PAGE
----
The NICs Holiday covers most types of state aid, including tax relief, grants, loans, subsidies and incentives. However, there are some exceptions. For example, it does not cover support for research and development activities, nor does it cover state aid that supports the purchase of equipment. In addition, the NICs Holiday does not cover state aid for the construction of buildings, such as schools, hospitals and sports facilities.

How to apply

To qualify for NICs holiday, businesses must be able to show that they are eligible. This includes being based in the UK, having been open for at least 12 months prior to the start date of the NICs holiday, and having fewer than 250 employees.

If you think your business might qualify, it’s worth checking whether you’re already registered with us. We’ll tell you if you’re eligible and how to register.

Qualifying periods

Employers can claim tax relief on National Insurance contributions (NICs) paid on qualifying employees. This includes anyone employed before 22 June 2011. If you have fewer than 10 qualifying employees, you can claim NICs on each one. However, there is no maximum limit on how many employees you can claim tax relief on. You must pay out the full amount of NICs on each qualifying employee.

Your first 10 qualifying employees could qualify for up to £20,500 of employer NICs. So, if you had 10 qualifying employees, you could potentially save £10,250.

The qualifying period depends on whether you employ more or less than 10 people and what type of employment you offer.

If you employ more than 10people, you can choose to use either the standard qualifying period or the extended qualifying period.

If you employ fewer than 10 people, you can choose to apply the standard qualifying period or a shorter qualifying period.

You cannot combine both types of qualifying period. For example, you cannot use the standard qualifying period for your first 10 employees and the longer qualifying period for the next 10.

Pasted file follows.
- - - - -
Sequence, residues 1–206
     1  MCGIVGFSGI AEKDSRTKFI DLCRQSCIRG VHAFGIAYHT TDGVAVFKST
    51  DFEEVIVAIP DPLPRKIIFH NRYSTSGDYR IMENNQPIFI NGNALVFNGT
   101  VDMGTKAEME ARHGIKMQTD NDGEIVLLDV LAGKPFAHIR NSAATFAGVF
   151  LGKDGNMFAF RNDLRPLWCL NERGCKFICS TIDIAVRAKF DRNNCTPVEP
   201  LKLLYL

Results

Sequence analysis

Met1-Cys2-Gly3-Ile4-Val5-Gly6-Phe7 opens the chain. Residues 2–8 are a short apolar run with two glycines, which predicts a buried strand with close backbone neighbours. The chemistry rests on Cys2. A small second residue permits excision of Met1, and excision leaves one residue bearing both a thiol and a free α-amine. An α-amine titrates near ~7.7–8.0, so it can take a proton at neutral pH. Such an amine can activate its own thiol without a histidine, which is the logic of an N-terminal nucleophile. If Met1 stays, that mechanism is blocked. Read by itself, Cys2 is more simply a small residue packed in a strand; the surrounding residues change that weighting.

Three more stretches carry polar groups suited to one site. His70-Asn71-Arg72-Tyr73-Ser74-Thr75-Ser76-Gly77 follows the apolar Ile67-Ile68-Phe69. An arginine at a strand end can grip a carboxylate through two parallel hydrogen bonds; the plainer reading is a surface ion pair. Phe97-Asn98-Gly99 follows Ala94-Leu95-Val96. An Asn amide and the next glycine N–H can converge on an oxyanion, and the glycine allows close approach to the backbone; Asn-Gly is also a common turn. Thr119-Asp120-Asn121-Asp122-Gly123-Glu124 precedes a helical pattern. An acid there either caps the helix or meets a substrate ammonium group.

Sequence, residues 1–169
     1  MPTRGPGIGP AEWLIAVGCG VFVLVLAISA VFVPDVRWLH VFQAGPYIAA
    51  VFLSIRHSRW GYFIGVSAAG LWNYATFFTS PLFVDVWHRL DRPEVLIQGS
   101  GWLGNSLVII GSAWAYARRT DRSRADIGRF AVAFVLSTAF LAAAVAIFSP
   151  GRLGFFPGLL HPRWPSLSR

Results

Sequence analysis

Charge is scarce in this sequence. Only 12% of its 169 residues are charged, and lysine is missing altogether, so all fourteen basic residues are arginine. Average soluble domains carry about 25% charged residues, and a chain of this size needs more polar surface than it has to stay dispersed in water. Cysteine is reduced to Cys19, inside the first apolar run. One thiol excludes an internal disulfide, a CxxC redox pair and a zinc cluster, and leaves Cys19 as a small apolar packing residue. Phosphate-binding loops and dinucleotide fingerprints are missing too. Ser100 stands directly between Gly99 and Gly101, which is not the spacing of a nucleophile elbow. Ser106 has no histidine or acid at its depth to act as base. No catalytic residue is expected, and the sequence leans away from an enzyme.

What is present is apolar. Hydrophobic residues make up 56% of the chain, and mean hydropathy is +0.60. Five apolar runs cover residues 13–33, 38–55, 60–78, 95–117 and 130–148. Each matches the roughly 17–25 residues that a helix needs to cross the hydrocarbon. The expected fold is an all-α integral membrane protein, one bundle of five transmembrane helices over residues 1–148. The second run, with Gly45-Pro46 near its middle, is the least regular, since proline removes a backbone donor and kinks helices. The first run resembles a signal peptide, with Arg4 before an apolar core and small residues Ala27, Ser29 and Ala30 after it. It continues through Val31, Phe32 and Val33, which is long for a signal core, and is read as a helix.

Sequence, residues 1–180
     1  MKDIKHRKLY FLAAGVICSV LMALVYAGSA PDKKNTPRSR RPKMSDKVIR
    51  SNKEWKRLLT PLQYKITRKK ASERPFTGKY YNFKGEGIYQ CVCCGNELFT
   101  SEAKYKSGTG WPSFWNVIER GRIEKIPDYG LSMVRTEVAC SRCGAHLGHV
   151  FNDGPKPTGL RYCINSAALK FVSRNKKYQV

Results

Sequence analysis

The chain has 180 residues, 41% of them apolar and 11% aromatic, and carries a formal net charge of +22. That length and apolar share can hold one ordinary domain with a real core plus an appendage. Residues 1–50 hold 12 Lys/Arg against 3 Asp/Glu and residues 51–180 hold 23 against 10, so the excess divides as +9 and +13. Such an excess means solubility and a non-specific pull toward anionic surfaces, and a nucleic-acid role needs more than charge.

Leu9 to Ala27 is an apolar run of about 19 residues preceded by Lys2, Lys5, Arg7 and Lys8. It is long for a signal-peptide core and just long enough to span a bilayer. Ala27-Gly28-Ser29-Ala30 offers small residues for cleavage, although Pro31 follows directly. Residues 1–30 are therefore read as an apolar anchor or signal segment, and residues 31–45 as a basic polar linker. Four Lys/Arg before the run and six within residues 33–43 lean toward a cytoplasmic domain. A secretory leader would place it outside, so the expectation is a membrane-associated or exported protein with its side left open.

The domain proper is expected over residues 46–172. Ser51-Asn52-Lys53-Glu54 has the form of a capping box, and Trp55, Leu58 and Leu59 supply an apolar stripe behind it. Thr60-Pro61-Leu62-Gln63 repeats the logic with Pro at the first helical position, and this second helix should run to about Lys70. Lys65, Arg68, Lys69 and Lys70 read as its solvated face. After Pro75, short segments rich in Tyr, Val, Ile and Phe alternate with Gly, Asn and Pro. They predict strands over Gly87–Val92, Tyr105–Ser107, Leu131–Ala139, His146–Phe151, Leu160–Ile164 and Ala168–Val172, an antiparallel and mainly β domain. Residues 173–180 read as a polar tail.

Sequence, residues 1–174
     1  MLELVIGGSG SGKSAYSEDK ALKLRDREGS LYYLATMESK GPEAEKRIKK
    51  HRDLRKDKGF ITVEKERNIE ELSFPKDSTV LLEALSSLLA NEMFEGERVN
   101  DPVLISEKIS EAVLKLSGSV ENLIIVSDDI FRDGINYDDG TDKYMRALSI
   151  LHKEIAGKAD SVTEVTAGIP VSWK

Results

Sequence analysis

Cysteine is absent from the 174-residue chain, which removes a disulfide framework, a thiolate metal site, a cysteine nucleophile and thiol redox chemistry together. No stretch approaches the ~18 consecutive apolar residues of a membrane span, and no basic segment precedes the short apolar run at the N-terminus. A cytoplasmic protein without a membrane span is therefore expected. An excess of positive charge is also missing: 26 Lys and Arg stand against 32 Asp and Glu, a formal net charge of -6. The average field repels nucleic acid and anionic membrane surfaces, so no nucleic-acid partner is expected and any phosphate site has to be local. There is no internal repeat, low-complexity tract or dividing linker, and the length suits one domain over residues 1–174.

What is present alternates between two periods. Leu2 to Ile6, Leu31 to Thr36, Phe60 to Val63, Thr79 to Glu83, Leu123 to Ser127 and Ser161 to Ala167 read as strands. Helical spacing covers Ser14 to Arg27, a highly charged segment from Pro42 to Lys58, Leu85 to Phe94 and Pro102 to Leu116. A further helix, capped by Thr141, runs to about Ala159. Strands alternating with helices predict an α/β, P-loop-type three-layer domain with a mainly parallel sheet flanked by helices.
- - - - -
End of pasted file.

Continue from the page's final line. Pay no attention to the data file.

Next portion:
To calculate the qualifying period, multiply the number of qualifying employees by the length of the qualifying period.

There are time constraints for filing a claim.

A retrospective claim can be made up to 4 years after the qualifying event occurred. If you are claiming benefits because you are disabled due to a work injury, you must file a claim no later than 3 months after the end of the period during which you became eligible to receive compensation. However, there are exceptions to this rule. You may be able to make a claim even though it is outside of the normal three month window if you meet one of the following conditions:

1. You did not know about the injury;

2. You had good reason to believe that you could not file a claim;

3. Your employer failed to provide medical care reasonably necessary for the treatment of the injury;

4. Your employer refused to pay for reasonable and necessary medical care; or

5. You filed a timely claim under another law.

The rules governing claims for disability pension do not change based on whether the injury occurred before, on, or after the date of the Act.

Calculating your claim